Venezuelan expats in Miami forced to vote in New Orleans

Published:  5 Oct at 6 PM
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Due to the closure of the Venezuelan Consulate in Miami, thousands of Venezuelan expats keen to vote against Hugo Chavez are being forced to travel to New Orleans to vote.

Members of the Venezuelan expat community in the USA are mostly hoping the reign of President Hugo Chavez will be over after the upcoming presidential elections, and are prepared to sell the shirts off their backs to get to New Orleans and cast their votes. Florida is a hub from Venezuelan migrants, with the majority determined to get to New Orleans on charter flights or in vehicle convoys by Sunday.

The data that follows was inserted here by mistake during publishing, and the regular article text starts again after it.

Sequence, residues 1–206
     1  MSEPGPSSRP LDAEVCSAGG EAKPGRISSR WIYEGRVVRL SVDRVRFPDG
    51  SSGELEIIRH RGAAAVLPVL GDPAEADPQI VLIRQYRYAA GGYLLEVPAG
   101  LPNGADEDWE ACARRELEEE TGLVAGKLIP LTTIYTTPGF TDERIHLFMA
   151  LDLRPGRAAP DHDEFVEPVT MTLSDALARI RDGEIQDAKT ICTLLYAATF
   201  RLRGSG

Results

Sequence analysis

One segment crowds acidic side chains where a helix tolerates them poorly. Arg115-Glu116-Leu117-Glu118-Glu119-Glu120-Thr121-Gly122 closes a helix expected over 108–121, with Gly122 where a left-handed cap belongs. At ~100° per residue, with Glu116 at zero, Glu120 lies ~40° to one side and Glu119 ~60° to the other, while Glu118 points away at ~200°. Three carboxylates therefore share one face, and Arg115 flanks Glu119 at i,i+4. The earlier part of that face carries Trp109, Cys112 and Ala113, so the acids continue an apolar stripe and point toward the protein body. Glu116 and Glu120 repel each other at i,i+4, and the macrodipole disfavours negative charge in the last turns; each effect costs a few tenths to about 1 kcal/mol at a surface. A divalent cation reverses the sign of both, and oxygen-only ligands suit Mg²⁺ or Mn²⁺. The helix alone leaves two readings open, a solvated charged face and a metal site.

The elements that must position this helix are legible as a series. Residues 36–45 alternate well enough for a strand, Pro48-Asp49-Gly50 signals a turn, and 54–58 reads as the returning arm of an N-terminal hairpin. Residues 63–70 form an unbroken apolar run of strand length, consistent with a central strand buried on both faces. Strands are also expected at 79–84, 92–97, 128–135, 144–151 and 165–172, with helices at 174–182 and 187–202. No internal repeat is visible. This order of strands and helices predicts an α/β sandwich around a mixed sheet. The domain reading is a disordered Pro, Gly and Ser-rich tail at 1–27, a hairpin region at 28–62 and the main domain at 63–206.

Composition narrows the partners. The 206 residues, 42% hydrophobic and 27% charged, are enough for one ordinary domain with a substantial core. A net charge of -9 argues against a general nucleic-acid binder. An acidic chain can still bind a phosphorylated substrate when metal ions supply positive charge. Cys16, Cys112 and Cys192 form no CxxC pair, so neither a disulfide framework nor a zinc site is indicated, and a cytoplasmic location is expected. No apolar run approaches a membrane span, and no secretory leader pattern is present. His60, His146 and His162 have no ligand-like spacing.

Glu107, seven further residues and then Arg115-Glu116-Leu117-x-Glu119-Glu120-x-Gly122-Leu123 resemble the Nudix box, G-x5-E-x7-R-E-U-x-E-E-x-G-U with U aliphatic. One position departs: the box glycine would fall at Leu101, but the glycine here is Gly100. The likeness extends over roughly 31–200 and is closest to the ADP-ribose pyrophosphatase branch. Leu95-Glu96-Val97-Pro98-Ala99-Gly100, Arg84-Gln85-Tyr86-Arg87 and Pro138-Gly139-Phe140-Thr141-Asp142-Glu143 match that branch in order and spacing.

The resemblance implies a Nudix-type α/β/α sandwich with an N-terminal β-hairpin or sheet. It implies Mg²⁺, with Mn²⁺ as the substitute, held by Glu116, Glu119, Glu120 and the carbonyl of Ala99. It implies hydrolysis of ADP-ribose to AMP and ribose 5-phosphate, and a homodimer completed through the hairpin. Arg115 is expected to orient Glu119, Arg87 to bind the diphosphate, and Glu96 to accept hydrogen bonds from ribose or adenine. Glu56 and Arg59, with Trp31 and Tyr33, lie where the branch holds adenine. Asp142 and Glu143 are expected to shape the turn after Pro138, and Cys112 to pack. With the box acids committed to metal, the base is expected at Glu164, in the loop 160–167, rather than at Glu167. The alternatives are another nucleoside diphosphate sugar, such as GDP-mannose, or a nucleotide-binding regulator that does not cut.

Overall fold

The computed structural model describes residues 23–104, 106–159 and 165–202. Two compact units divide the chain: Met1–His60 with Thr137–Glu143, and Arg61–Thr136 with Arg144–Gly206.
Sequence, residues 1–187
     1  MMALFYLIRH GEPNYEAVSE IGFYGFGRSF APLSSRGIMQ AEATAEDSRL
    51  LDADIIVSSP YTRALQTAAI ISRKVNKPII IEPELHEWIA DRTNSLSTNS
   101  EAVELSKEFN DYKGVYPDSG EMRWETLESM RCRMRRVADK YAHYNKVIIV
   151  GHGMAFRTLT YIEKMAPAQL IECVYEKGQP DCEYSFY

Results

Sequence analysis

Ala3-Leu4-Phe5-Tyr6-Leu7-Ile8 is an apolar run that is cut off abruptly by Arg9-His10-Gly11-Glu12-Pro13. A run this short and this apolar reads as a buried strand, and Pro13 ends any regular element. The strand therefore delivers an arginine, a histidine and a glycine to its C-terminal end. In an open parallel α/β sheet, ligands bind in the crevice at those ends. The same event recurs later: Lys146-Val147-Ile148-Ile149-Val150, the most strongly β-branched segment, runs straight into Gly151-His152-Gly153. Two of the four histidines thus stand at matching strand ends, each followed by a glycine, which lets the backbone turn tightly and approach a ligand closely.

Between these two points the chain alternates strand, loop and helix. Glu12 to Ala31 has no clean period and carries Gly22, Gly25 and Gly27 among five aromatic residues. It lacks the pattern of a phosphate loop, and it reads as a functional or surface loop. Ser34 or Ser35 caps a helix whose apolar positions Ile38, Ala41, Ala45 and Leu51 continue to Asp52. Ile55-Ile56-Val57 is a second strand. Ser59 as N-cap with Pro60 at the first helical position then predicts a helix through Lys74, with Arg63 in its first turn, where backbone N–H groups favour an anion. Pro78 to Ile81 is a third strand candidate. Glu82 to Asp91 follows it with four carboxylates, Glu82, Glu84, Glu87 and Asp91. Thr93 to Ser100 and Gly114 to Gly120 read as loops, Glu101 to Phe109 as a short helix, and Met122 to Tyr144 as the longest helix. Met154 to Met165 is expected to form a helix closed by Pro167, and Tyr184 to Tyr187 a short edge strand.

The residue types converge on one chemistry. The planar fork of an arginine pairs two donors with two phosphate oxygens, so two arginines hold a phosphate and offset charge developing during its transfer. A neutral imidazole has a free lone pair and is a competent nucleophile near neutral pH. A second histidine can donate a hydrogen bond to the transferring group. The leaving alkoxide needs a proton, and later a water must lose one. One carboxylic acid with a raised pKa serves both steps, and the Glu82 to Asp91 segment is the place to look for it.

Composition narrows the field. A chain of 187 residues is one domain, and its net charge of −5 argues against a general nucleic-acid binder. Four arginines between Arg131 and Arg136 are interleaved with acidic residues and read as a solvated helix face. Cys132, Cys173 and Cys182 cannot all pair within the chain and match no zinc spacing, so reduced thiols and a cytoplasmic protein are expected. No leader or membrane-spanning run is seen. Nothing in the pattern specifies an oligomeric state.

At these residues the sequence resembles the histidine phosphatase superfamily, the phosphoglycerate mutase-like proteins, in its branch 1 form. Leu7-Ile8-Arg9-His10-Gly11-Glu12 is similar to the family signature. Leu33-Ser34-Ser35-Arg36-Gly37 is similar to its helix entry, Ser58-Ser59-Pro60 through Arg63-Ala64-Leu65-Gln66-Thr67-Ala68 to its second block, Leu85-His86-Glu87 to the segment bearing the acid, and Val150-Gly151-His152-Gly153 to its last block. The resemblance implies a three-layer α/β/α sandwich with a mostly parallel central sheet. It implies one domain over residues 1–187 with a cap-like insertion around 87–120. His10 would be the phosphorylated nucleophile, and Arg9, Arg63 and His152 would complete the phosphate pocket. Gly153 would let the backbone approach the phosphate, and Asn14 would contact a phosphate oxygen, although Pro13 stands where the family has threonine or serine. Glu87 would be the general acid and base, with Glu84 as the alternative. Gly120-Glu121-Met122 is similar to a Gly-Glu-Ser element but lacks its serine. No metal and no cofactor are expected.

Polls suggest the election will be close, but the Florida community is hoping it will end the dictator’s extended rule. Chavez ordered the Miami Consulate closed earlier this year, potentially denying Venezuelan citizens a vote in the poll.

Expats were angered by Chavez’s decision to close the consulate after the US government deported a Miami based diplomat accused of discussing with her Cuban and Iranian counterparts the possibility of cyber attacks on US targets. At the time, Chavez angrily denied the accusation.

Over 20,000 registered Venezuelan voters living in Florida were left without diplomatic representation as a result, with the closest consulate in New Orleans. Manny Camargo, a Miami spokesman for an opposition coalition, told Reuters the community was about to shock Chavez with their motivation to vote.

Camargo told Reuters that the closure of the consulate had united the Venezuelan community, many of whom had fled the country during the 13 years Chavez has been in power, citing shrinking economic opportunities and rising crime. Consequently, the South Florida community is virulently anti-communist and can’t wait to see Chavez booted out.
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